Live to Bleed

Going into Roscoe Spitzer Is Afraid of Dying, I told myself I wasn't going to like it just because I know the guy who wrote it. But I also wasn't going to hate it just because I know the guy who wrote it, either.

So now I can, with completely honest, unbiased thoughts and feelings, proclaim that Joel Beers' Roscoe is a terrific play. Really. Beers, a Weekly theater writer, succeeds on all levels with his script—pee-yer-pants funny, serious when it needs to be and fabulously successful with getting his message about artistic independence across.

Roscoe begins on open-mic night at a Stanton coffeehouse (the script is very OC-centric, with several inside jokes only natives will know—gratuitous Trip the Spring references, anyone?), with a pair of overly giddy musicians yowling excruciatingly positive pop covers. Then it's Roscoe's turn, and he quickly empties the room with his self-penned tunes about "killing the pain."

Roscoe (Courtney Gains) is a downer all right, a depressed jingle writer who buries himself in Edgar Allan Poe books—surprisingly, he's somehow not a black-clad Goth kid with a syringe stuck in his arm. But he's got some huge self-confidence issues, not to mention he's terrified of departing this mortal coil forgotten about, without his music ever being heard. So he finds himself at a clinic run by Dr. Zac (K.C. Mercer), who's at times the personification of Satan and the entire pharmaceutical industry. Dr. Zac (he's a "pro"—get it?) makes a bargain with Roscoe: he'll help make Roscoe a music sensation, but it'll cost him . . . his soul! Yaaaawn. But wait . . . sure, we've seen the Faust/Damn Yankees/Crossroads soul-for-sale plotline umpteen times on stage and film, but just when you think it, Roscoe himself comes out and blurts exactly that. Beers cleverly addresses the clich by neatly running around, not through, it.

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Having done the deed, Roscoe soon can only sing happy songs and can't be gloomy even when he tries—"Knockin' On Heaven's Door" somehow just bleeds into "Hang On Sloopy." By act two, Roscoe's packing 'em in at the coffeehouse with songs like "Yummy Sunny Day." He's got fans—including a drunk who likes Roscoe because "he doesn't have to think" when he listens to him. Yet Roscoe can't help but wonder: "Why does everybody like this shitty fucking music?" (And I can't help wondering if these are, indeed, the secret innermost thoughts of bands such as Hoobastank, Simple Plan, Good Charlotte, Switchfoot and Maroon5.)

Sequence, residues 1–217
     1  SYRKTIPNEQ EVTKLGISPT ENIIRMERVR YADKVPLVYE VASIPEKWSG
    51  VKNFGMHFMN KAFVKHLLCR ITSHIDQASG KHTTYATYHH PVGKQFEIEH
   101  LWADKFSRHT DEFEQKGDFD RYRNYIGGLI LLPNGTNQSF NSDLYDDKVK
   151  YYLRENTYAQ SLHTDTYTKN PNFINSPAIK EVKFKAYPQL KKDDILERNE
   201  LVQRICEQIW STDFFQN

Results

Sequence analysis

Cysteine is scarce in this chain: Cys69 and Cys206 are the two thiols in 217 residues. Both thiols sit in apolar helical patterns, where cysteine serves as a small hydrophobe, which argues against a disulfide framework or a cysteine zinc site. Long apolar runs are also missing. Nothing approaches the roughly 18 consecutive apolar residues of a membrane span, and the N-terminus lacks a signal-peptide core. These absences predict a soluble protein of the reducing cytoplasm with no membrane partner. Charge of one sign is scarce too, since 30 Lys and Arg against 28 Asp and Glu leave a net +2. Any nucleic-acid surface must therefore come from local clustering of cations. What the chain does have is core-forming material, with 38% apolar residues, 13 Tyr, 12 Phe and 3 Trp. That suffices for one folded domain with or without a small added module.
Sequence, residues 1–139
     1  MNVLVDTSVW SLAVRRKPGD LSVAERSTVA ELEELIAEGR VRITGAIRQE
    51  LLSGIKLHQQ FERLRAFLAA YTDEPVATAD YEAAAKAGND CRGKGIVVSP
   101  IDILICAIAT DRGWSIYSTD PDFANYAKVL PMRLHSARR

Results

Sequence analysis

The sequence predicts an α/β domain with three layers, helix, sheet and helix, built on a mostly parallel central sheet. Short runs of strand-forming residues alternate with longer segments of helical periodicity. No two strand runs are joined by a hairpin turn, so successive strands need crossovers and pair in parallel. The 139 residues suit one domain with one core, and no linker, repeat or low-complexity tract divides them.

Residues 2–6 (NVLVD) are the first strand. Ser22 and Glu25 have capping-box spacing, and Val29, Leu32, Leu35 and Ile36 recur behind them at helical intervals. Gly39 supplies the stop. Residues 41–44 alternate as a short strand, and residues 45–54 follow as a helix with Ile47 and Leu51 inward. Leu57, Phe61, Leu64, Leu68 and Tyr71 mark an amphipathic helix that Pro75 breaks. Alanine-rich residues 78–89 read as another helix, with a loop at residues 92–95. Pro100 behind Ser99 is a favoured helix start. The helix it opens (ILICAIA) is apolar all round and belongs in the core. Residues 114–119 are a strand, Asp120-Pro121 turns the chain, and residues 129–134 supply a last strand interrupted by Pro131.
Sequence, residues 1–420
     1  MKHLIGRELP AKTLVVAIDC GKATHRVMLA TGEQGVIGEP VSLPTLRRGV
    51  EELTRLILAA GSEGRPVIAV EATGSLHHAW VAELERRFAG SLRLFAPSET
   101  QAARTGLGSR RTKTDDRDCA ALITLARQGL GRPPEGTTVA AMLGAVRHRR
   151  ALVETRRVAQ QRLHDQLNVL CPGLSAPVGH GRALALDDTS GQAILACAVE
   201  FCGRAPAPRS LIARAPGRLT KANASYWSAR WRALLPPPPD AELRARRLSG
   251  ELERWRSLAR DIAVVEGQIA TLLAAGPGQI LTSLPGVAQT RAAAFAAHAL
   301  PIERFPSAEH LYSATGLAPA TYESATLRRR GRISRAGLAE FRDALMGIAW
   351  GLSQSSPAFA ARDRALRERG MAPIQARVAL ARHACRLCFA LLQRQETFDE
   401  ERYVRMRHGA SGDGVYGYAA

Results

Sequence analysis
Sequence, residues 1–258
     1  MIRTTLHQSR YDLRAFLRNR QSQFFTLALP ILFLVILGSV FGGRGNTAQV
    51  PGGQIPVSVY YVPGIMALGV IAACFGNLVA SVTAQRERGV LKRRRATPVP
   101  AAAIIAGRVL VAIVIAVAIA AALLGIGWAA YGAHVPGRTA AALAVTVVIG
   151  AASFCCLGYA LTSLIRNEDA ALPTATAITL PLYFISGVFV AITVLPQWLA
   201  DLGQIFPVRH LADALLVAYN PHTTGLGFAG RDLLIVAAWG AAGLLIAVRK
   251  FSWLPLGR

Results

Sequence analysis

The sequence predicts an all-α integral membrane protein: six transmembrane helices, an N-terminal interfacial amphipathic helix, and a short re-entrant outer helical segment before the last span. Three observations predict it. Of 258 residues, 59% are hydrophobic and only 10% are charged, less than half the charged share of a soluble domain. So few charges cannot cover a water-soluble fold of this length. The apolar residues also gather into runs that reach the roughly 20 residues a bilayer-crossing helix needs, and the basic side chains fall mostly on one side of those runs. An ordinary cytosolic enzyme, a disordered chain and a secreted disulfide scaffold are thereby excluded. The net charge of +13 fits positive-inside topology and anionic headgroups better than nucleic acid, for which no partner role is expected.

He's soon brought to his senses by no less than the ghost of Poe (Steve Lamprinos), a real-life manic-depressive—but, Beers asks, would Poe and his famously dark horror tales ever have existed if he'd been right in the head? The world needs creative yet disturbed people making art—the Anne Sextons, the Kurt Cobains, the Sylvia Plaths, the Vincent van Goghs—if only so everyone else can find solace in the fact there are other people out there who are just as fucked-up as they are. Ultimately, art is about self-satisfaction, Beers says, and if other people like what you're putting out, so much the better—but it's creative heresy to bend your emotions just to placate a mass audience. In that sense, Roscoe is Ricky Nelson's old '70s hit "Garden Party" come to life—if you can't please everyone, you just have to please yourself.

Great job, Joel.


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